People with Learning Disabilities are just lazy

I have heard it said more than once that a learning disability is just an excuse to not put in any effort and to be lazy.  In most cases this is simply not true, I did try very hard at my maths for years, but it was very hard to be motivated by a teacher who called you lazy.  OK, so yes sometimes people with learning disabilities can use it as an excuse to put in less effort than they should, but it does not mean this is the case all the time.

All mentally ill people are violent or unpredictable

Most are no more violent than anyone else.  In fact people with mental health issues are more likely to be victims of violence than perpetrators.  When violence does occur it is mostly for the same reasons as it is with everyone else, either they feel threatened or had excesses use of drugs or alcohol.

People with disabilities are only able do simple, repetitive work

As with everyone else people with disabilities have a range of skills to offer, which differ from person to person.  If you stuck me in a factory job that was exactly the same simple task every single day for hours at a time, I would probably end up having some kind of break down from the shear boredom.  I do not mind work that is mostly the same each day, but at least give me some interaction with other people or something that makes me use my brain somewhat.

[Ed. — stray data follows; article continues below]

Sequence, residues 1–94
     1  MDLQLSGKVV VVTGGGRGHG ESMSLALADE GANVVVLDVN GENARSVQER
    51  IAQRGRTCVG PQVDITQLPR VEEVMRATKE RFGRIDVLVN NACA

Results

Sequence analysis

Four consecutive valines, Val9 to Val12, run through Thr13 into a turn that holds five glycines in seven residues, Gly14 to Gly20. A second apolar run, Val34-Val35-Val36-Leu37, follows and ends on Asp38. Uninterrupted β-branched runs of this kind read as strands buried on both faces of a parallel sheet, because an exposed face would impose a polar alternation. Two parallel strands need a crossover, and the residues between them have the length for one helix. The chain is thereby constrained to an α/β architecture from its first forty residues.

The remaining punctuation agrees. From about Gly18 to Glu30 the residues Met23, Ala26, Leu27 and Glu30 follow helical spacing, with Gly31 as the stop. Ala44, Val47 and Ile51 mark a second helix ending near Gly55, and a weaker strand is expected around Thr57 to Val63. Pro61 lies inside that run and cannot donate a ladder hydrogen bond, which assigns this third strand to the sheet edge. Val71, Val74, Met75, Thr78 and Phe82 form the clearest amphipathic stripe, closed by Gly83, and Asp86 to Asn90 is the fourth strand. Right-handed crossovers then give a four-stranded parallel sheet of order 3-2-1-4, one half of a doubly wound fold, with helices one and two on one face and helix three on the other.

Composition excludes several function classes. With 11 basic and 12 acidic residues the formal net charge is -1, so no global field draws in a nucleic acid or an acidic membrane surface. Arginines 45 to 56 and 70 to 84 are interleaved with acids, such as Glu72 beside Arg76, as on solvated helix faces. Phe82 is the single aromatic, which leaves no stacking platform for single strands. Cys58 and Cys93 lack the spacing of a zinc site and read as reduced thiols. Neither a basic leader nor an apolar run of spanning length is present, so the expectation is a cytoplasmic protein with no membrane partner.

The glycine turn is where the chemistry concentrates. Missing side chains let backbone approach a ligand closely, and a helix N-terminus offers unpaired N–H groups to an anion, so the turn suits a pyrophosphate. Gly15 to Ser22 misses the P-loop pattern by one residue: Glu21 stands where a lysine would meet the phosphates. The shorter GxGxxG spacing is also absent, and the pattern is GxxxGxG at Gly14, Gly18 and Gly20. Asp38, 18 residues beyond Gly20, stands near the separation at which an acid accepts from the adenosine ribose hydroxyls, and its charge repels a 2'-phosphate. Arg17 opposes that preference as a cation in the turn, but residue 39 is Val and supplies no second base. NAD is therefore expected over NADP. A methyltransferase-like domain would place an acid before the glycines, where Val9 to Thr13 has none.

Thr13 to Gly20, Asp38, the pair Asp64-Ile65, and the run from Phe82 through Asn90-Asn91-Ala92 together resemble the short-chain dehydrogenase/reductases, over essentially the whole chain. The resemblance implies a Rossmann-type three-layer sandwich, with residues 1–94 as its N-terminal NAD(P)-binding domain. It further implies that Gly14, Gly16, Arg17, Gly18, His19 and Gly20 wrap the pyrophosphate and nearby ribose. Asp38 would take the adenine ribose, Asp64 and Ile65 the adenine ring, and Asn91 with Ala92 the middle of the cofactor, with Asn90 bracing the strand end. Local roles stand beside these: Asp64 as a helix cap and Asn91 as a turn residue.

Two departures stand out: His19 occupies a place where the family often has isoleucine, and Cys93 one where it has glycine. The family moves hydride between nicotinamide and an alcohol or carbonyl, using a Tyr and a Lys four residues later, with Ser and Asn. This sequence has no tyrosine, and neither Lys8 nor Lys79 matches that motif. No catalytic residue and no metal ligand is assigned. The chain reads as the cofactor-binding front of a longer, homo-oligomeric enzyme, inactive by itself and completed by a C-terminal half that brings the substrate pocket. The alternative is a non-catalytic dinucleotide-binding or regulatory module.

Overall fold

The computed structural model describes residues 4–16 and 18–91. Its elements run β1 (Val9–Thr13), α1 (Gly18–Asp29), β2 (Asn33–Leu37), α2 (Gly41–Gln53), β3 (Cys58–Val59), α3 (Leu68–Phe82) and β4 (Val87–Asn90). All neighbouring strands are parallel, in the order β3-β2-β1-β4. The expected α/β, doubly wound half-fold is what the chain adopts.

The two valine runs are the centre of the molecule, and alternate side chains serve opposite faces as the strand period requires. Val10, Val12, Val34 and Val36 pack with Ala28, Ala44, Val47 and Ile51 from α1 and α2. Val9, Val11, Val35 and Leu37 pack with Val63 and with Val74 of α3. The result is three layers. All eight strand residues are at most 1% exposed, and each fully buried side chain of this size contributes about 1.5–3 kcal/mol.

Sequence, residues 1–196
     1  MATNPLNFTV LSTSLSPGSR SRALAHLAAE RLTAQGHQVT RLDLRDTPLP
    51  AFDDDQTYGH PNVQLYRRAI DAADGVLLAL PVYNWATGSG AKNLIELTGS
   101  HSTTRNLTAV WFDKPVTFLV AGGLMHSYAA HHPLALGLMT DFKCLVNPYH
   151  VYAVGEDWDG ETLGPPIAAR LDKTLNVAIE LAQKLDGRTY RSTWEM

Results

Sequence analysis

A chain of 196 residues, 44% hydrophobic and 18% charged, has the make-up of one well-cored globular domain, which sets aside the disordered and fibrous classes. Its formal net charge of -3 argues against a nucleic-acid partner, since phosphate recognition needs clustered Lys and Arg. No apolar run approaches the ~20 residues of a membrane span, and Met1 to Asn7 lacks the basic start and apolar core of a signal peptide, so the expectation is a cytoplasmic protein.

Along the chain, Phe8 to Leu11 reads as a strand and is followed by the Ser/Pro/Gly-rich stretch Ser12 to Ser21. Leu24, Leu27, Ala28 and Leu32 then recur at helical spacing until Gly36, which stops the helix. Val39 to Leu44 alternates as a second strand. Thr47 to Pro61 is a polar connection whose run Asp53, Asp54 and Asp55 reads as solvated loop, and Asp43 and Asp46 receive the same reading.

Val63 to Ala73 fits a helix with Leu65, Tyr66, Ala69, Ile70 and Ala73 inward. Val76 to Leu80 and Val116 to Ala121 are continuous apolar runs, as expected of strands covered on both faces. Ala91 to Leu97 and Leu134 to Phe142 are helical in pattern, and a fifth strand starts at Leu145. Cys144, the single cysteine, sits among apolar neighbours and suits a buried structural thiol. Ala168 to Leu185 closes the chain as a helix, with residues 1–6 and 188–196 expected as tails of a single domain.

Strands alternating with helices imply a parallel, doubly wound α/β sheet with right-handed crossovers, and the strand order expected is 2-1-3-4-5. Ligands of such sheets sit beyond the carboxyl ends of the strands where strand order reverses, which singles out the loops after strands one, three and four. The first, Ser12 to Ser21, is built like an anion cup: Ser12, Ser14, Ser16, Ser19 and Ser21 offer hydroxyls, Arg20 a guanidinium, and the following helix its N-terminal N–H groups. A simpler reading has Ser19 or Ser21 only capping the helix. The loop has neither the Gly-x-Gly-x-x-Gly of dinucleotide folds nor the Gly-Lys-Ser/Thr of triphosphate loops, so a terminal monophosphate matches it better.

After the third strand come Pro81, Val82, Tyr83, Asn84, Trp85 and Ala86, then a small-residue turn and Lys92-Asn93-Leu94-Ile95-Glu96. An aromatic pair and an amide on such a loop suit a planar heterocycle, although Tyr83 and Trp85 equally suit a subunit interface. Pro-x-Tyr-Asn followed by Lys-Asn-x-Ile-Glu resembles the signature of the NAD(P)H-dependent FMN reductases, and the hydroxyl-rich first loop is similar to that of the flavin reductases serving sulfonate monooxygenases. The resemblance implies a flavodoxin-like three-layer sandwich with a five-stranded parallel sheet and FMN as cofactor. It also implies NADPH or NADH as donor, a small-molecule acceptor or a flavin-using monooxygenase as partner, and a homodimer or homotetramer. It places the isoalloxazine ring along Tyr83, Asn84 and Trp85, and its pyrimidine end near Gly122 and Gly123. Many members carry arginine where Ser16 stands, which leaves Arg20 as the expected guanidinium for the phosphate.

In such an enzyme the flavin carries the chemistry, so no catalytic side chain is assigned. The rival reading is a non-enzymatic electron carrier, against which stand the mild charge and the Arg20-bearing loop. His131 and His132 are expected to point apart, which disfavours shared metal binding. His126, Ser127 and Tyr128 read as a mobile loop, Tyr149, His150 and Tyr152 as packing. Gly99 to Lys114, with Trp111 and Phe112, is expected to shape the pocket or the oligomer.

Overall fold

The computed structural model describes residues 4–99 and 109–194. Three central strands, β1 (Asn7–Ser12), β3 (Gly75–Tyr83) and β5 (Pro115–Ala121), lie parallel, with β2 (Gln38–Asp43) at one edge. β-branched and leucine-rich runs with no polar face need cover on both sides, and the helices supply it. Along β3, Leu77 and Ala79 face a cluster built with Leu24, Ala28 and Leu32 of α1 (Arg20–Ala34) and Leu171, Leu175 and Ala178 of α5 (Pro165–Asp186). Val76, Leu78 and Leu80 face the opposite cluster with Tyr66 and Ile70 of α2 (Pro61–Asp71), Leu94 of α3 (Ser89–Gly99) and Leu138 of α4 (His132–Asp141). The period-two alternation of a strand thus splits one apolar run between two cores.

Disabled people need protecting from failing

Disabled people have a right to experience a full range of human emotions including disappointment and failure.  No one likes to fail, but sometimes it is the bad times that make us stronger and make the good times better.  Often it seems to  come from people thinking that a disabled person has enough of a burden to deal with and they could not cope if they failed.  However never letting a child fail because they are disabled may in fact just set them up for a much  bigger failure when they grow up and realise the world outside of home or school won’t protect them from it.

Are there any other disability myths you sometimes come across?  It would be interesting to hear how other disabled people react when someone makes a wrong assumption about them as a disabled person.

 

Disabled people are not all one homogenised group we are individuals

Disabled people are not all one homogenised group, we are individuals

Crippen, Disability Cartoons